It is a popular delusion that the government wastes vast amounts of money through inefficiency and sloth. Enormous effort
and elaborate planning are required to
waste this much money.
– P.J. O'Rourke
It has been reported that construction of the proposed Traveston Crossing dam will commence sometine after Christmas. This project has not been approved environmentally by the federal government at this time and it is interesting to note that the Queensland government regards its approval as a done deal. I guess with the proposal being put up by a Labor government, the minister Peter Garrett will do what he is told on this issue.
The dam is a prime example of the old adage that nobody's life liberty or property is safe while parliament is sitting. While property rights are generally secure from private encroachment, they have no security when the government decides it has a project that is "in the common good." Straight seizure, or resumption, or forced purchase is not the only manner in which property rights are violated. There is a growing tendency to limit the rights of property owners to carry out their own activities on their own land, by federal, state and local governments alike.
The entire project was hatched at blinding pace cloaked in secrecy in order to make it appear to Brisbane householders that the government was going to do something to alleviate the water supply restrictions there. Essentially the whole concept was based on knee-jerk reactions to the unpopularity in major population centers of having to cut back on water usage like the rest of us have to do in droughts. The result is probably one of the worst thought out proposals in recent times which will result in thousands of acres of land being covered in shallow water, which will result in a massive algal swamp.
I note that landholders are being vilified in government statements in relation to overgrazing, erosion and bad farming practices. It is also noticeable that there is a judgementalism in the comments section as to what the land is used for, for example, lifestyle blocks. In a free society a landholder is not required to prove himself worthy in the eyes of the elitists to have the right to enjoy the fruits of his labour.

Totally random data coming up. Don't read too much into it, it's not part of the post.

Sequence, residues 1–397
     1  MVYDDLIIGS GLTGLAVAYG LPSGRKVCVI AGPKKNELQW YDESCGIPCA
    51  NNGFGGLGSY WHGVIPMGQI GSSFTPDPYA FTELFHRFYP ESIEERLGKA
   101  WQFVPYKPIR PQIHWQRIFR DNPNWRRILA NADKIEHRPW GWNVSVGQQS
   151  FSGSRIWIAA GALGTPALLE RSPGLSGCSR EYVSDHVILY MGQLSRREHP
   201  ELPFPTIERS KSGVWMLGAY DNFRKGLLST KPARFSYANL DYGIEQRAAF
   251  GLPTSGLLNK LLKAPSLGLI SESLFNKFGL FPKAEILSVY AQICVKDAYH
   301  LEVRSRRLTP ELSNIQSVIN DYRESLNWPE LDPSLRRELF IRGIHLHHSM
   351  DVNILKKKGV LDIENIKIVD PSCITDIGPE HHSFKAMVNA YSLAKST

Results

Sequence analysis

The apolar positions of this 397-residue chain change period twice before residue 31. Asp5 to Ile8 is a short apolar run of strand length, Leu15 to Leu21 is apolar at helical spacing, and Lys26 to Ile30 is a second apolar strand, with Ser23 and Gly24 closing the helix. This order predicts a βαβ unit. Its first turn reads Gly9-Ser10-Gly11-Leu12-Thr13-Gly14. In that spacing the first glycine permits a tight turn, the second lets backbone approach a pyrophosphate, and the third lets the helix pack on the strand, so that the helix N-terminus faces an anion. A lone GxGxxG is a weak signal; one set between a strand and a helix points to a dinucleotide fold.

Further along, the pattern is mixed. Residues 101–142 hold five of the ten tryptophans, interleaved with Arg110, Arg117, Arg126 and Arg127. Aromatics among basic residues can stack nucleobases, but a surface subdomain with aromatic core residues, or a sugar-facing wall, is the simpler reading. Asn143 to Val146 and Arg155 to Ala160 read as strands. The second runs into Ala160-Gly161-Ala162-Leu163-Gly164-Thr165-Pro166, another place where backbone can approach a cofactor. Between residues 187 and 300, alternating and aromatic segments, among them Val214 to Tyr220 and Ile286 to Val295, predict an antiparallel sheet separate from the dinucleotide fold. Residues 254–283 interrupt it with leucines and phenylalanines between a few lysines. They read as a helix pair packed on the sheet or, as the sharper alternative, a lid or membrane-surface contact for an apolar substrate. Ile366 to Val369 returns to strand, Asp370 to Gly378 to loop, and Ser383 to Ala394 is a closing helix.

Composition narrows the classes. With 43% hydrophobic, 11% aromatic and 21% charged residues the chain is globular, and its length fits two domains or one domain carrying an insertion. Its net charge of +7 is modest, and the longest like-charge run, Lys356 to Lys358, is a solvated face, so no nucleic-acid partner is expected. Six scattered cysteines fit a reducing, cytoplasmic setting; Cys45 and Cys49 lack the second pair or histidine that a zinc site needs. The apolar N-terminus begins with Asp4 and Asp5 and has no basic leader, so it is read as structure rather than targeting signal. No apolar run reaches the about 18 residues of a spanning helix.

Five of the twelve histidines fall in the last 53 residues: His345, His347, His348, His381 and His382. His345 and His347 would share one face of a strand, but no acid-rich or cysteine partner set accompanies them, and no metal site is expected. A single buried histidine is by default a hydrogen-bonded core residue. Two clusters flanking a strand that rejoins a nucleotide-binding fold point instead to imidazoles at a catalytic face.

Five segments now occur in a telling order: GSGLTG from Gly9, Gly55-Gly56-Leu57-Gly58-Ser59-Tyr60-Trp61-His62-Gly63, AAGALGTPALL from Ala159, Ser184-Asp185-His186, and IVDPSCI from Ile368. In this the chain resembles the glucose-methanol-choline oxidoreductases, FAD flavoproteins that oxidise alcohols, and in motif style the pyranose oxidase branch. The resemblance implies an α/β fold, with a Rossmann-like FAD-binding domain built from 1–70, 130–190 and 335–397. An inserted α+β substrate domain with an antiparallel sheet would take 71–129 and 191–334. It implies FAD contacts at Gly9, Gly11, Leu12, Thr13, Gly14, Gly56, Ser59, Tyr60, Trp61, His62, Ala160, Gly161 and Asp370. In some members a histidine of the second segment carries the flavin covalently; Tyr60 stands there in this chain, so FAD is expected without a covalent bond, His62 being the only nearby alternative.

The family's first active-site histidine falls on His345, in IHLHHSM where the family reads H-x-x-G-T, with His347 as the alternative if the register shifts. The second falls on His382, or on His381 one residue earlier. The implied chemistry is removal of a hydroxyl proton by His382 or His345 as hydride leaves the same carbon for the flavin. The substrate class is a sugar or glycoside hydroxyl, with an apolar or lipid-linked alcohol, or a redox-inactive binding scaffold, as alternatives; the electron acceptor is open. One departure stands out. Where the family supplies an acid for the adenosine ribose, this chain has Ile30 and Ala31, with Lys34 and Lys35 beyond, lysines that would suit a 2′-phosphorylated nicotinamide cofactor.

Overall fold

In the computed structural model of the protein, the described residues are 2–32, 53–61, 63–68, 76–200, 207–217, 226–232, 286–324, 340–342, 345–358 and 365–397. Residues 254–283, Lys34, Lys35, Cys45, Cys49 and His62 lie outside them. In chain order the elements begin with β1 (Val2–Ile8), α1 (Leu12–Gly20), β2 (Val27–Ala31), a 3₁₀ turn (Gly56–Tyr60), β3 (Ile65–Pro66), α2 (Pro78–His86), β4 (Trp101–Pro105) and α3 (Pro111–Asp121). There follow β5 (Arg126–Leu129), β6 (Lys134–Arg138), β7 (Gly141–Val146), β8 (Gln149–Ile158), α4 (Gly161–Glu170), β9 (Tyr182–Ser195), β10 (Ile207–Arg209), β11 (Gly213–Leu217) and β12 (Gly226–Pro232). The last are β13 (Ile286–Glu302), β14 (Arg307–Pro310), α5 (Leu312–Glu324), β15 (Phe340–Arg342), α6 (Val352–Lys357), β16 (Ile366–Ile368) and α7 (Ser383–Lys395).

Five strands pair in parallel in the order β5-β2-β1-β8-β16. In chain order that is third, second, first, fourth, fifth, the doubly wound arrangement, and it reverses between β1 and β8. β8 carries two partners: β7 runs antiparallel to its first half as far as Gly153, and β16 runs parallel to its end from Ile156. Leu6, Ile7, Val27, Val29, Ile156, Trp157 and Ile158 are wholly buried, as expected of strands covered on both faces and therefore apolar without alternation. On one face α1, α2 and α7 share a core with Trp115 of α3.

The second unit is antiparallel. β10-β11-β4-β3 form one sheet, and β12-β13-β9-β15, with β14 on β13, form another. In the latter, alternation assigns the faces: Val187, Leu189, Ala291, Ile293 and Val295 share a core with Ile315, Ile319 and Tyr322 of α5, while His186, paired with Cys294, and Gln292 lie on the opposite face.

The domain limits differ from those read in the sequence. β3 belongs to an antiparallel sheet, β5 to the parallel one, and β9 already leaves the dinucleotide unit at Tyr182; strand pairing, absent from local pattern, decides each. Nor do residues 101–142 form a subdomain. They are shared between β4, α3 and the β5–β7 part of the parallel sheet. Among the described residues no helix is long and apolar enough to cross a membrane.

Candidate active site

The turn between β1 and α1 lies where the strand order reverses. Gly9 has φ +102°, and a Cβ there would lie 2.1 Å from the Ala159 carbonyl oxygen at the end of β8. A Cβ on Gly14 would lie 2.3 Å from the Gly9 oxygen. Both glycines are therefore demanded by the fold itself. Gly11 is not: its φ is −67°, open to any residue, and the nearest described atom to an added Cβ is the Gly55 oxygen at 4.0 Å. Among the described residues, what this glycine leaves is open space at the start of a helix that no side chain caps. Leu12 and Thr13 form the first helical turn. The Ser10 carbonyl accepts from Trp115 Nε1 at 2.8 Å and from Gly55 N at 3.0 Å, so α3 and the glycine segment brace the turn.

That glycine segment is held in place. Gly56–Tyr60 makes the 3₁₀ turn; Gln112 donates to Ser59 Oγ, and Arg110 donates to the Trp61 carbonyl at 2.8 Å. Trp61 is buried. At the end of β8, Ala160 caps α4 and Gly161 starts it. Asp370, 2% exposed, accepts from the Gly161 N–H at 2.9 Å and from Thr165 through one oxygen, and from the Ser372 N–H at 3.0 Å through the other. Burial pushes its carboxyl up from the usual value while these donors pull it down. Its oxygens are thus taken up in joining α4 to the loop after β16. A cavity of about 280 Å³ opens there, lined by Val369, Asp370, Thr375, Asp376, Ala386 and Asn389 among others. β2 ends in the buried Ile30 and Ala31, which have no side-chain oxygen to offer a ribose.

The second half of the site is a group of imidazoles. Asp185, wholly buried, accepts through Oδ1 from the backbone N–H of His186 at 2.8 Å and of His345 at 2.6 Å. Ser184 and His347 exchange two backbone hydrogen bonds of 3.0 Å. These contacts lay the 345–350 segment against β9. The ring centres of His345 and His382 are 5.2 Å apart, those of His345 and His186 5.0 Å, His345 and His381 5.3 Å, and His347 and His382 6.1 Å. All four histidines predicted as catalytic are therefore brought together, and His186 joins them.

It seems that now the dam is achieving the almost religious status of a state spending project. Since the beginning of the economic downturn governments have experienced some sort of epiphany whereby instead of the old ideas of fiscal responsibility where balancing the budget was a virtue, the responsible course is for the state to spend like drunken sailors to make up for all of those irresponsible private citizens who tighten their belts in order to get through. They seem to think that the way to deal with the result of excessive borrowing and spending is to borrow and spend a hell of a lot more.
While to some it may appear that this is the answer, it is only a temporary fix and in the longer term we are going to have to go through the pain of not only having to repay the massive debt that is currently being run up, but we face the possibly disastrous results of an economy skewed towards reliance on government spending. As Milton Friedman stated, "There is nothing as permanent as a temporary government program. "
I am sceptical of the benefit to the state of a program based on saddling the private sector with a massive increase in public sector employees to support while skewing the economy towards dependence on government spending.